The True Cost of Hosted E-Mail Solutions

September 19, 2010

Most businesses take e-mail as a given. However, the true costs of managing e-mail accounts are seldom assessed. As an illustration of the costs, assume a Small to Mid-Sized Business (SMB) with 1000 e-mail boxes for non-IT users, four servers to service the accounts and Microsoft Exchange Platform. Further assume that the IT group gets about 3000 requests on the average annually.  Requests include account set up, password reset, backup, & restore, synchronizing the e-mails with PDAs such as iPhone and Blackberry, and other support.   To properly support the users, two skill sets are required:  helpdesk support and exchange administration.  If the SMB maintains the expertise in-house, hosting costs, staff, virus and spam filtering and Exchange license costs are in the neighborhood of $300,000 to $400,000. It effectively amounts to $350 per user per year.  There are essentially two options:

Option 1:  Outsourcing to a hosted e-mail solution and maintain the helpdesk in-house.

Option 2:  Outsource to a hosted solution and outsource the helpdesk.

Option 1 Analysis:  Typical costs of hosted e-mail solutions range from $10 to $20 per mail-box per month.  If you add a minimum of two support personnel, the costs are not significantly different from in-house costs.  However, the service levels are significantly better.

Option 2 Analysis:  The challenge here is that outsourcing helpdesk for low volume of requests actually results in higher costs.  The primary reason is that most firms providing outsourced helpdesk charge between $25 to $60 per ticket or $30 per user per month.

For this reason, most SMBs have just managed e-mail in-house.  There is an alternative solution.  It takes advantage of the Global blended model more typical of applications outsourcing.  The solution is not to use hosted e-mail, but use hosted servers and use RIM (Remote Infrastructure Management) to manage the servers and off-shore helpdesk.   Although one individual typically is required on-site, the overall costs are significantly lower.  Many off-shore companies now offer a per ticket charge.   These costs are usually in the neighborhood of $4 to $10 per ticket.  Remote infrastructure management is typically $100 per server per month.   This implies that SMBs can reduce their costs by over 40% annually.   The best part is that the service levels are significantly higher than traditional e-mail hosting solutions.  Most Fortune-1000 companies have taken advantage of these benefits.  The growth of focused niche Service Providers will pave the way for SMBs to take advantage of the blended global sourcing models.   The challenge is to find the right Service Provider.  Brokers who connect SMBs to Pre-credentialed Service Providers accelerate the search and contracting process.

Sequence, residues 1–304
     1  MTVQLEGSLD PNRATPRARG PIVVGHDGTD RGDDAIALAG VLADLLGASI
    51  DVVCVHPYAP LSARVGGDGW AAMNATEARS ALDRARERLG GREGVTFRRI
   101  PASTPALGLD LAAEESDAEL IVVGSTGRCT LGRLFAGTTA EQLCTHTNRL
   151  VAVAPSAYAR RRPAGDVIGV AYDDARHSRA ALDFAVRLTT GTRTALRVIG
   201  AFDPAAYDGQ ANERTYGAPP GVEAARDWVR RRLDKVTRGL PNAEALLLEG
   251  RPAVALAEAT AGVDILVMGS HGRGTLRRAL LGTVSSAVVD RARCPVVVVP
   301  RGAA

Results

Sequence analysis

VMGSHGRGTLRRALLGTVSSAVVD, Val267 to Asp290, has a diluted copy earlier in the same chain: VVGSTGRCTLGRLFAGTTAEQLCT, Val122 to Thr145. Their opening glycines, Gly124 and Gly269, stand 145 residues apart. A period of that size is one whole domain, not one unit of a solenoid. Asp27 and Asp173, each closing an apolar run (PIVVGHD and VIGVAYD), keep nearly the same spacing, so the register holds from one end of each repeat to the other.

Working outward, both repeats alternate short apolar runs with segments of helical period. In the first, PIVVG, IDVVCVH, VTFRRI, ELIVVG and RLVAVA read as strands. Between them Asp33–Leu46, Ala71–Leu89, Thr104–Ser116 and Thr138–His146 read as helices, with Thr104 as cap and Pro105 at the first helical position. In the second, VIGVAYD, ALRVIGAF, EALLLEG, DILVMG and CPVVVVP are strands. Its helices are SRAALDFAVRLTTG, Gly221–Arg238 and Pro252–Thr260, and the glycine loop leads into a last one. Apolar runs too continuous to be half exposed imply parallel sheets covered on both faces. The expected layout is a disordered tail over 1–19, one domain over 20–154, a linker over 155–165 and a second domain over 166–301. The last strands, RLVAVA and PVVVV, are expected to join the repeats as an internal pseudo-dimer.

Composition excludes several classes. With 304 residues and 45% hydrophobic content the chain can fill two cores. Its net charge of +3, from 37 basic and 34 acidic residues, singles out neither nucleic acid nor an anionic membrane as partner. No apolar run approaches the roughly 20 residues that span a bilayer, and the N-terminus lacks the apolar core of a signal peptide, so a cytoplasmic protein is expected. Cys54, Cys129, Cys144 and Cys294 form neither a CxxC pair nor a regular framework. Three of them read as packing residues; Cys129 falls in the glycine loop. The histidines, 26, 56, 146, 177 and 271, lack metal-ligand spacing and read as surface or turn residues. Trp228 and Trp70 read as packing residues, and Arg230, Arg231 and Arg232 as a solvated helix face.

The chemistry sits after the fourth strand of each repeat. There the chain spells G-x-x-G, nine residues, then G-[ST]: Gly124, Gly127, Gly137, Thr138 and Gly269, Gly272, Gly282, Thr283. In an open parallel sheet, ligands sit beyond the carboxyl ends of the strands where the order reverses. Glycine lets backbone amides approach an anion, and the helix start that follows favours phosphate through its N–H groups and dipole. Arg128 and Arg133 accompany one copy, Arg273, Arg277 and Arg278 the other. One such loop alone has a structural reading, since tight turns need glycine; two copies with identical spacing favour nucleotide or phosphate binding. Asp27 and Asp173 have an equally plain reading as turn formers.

Notes:

Industry analysts have identified Self-Service as an area of high return on investment derived from reduced cost per incident, enhanced agent utilization rates and customer satisfaction improvements.

Case in point the average fully-burdened cost per incident:

  • Walk Up            $29.30
  • Phone               $27.60
  • Email                $21.67
  • Fax                   $18.90
  • Chat/IM             $17.90
  • Self-Service       $13.50

* Help Desk Institute, Practices and Salary Survey

Research indicates that agent efficiency in a typical call center is 75% – not an acceptable level in tight economic times.

Advertisements

Reducing the Fixed Costs in Project Management

January 3, 2010

Sudoku puzzles teach an important lesson in project management, that we almost forget- there are fixed costs associated with every project.  In Sudoku, there are different levels of complexity – from the very easy to the excruciatingly difficult ones.  While the time taken is correlated with difficulty, it is not linear.  No matter how easy the puzzle, it takes a finite amount of time to simply fill the puzzle.  This is also true for any project.  Initial project reviews, user-buy in, planning, resource allocation, project briefing, and de-briefing after the project is completed all have a “fixed cost” component to it. While it is impossible or even desirable to eliminate the fixed costs, it will be helpful to streamline the project management process to develop efficiencies.